It’s becoming increasingly common for both spouses in a marriage to earn an income. However, when a couple decides to divorce, spousal support can still be awarded, even in dual-income households. Spousal support is a payment made by either spouse to the other to support their living standard after divorce. But how does spousal support work when both spouses work, and what factors affect the amount of support awarded? This blog post will explore the ins and outs of spousal support in California, specifically in dual-income households.
What is Spousal Support, and Who is Eligible for it in a Dual-Income Household?
Spousal support is a financial payment one spouse makes to the other after separation or divorce. The purpose of this payment is to help support the lower-earning spouse and allow them to maintain the lifestyle they had during the marriage. In California, the court will consider several factors when determining if spousal support is appropriate, including:
- Each spouse’s income
- The duration of the marriage
- The age of both parties
- The standard of living during the marriage
- Each spouse’s physical and emotional health
- The financial needs of each party
- The division of property in the divorce settlement
Considering the Tax Implications of Spousal Support Payments
For the party paying spousal support in a dual-income household, it’s essential to understand the tax implications of these payments. In California, spousal support payments are tax-deductible for the paying spouse and considered taxable income for the receiving spouse. However, this rule only applies if the payments are court-ordered. If spouses agree to an amount outside of court, those payments are not tax-deductible for the payor.
Factors Courts Consider When Deciding Spousal Support Amounts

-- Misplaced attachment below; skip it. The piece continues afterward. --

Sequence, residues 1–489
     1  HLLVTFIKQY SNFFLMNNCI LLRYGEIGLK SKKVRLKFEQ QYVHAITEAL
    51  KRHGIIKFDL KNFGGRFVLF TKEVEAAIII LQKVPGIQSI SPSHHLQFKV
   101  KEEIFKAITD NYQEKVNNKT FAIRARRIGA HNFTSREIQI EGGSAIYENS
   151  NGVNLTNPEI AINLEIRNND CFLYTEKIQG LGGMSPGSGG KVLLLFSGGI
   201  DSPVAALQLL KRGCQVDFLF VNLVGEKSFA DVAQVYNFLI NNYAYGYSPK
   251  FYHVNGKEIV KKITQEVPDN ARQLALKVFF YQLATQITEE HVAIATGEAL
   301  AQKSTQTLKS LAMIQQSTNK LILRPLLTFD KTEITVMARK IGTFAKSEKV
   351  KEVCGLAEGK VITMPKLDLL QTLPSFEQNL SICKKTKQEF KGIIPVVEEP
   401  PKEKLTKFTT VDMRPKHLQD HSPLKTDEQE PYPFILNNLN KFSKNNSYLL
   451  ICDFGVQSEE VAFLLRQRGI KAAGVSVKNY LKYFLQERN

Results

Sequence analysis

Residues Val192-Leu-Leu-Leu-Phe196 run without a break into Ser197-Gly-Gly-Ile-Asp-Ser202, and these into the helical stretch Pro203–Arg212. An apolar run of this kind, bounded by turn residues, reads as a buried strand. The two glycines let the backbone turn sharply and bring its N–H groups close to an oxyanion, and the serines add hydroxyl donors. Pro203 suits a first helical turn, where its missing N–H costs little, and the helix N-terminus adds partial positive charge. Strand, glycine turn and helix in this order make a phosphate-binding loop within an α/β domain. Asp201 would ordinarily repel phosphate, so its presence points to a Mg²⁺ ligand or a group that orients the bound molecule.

The amount of spousal support awarded in a dual-income household will vary depending on the individual circumstances of the case. The court will consider the needs of the spouse receiving support and the ability of the other spouse to pay. In California, spousal support is generally calculated by taking 50% of the paying spouse’s net income, then subtracting 40% of the receiving spouse’s net income. However, this is only a guideline and doesn’t consider other factors, such as child support payments and the impact of taxes.
Modifying Spousal Support When One Partner Gets a Raise or Promotion
If the court already awarded spousal support payments in the divorce settlement, they could be modified if there is a significant change in the circumstances of the spouses. For example, if one spouse gets a raise or promotion, the court can re-evaluate the amount of spousal support. The party requesting the modification must show that the change in circumstances is significant and ongoing.
Pros and Cons of Receiving or Paying Spousal Support
There are pros and cons to consider when receiving or paying spousal support in a dual-income household. For the receiving spouse, spousal support can help maintain their standard of living and provide financial security. However, it can be a financial burden for the paying spouse, especially if they already support themselves and any children from the marriage. It’s important to discuss the pros and cons of spousal support with an experienced family law attorney.
Commonly Misunderstood Aspects of Spousal Support Laws
Spousal support laws can be complicated, and there are several misconceptions about the topic. For example, spousal support is not guaranteed in every divorce case, and there is no set formula for calculating the amount. Additionally, spousal support payments can be tax-deductible for the paying spouse, but only if they are court-ordered.
If you are considering divorce and spousal support is a concern, contact our experienced family law attorneys today. We at the Law Offices of Judy L. Burger have the knowledge and expertise to help you navigate California’s complex spousal support laws, and we will work tirelessly to ensure your rights are protected.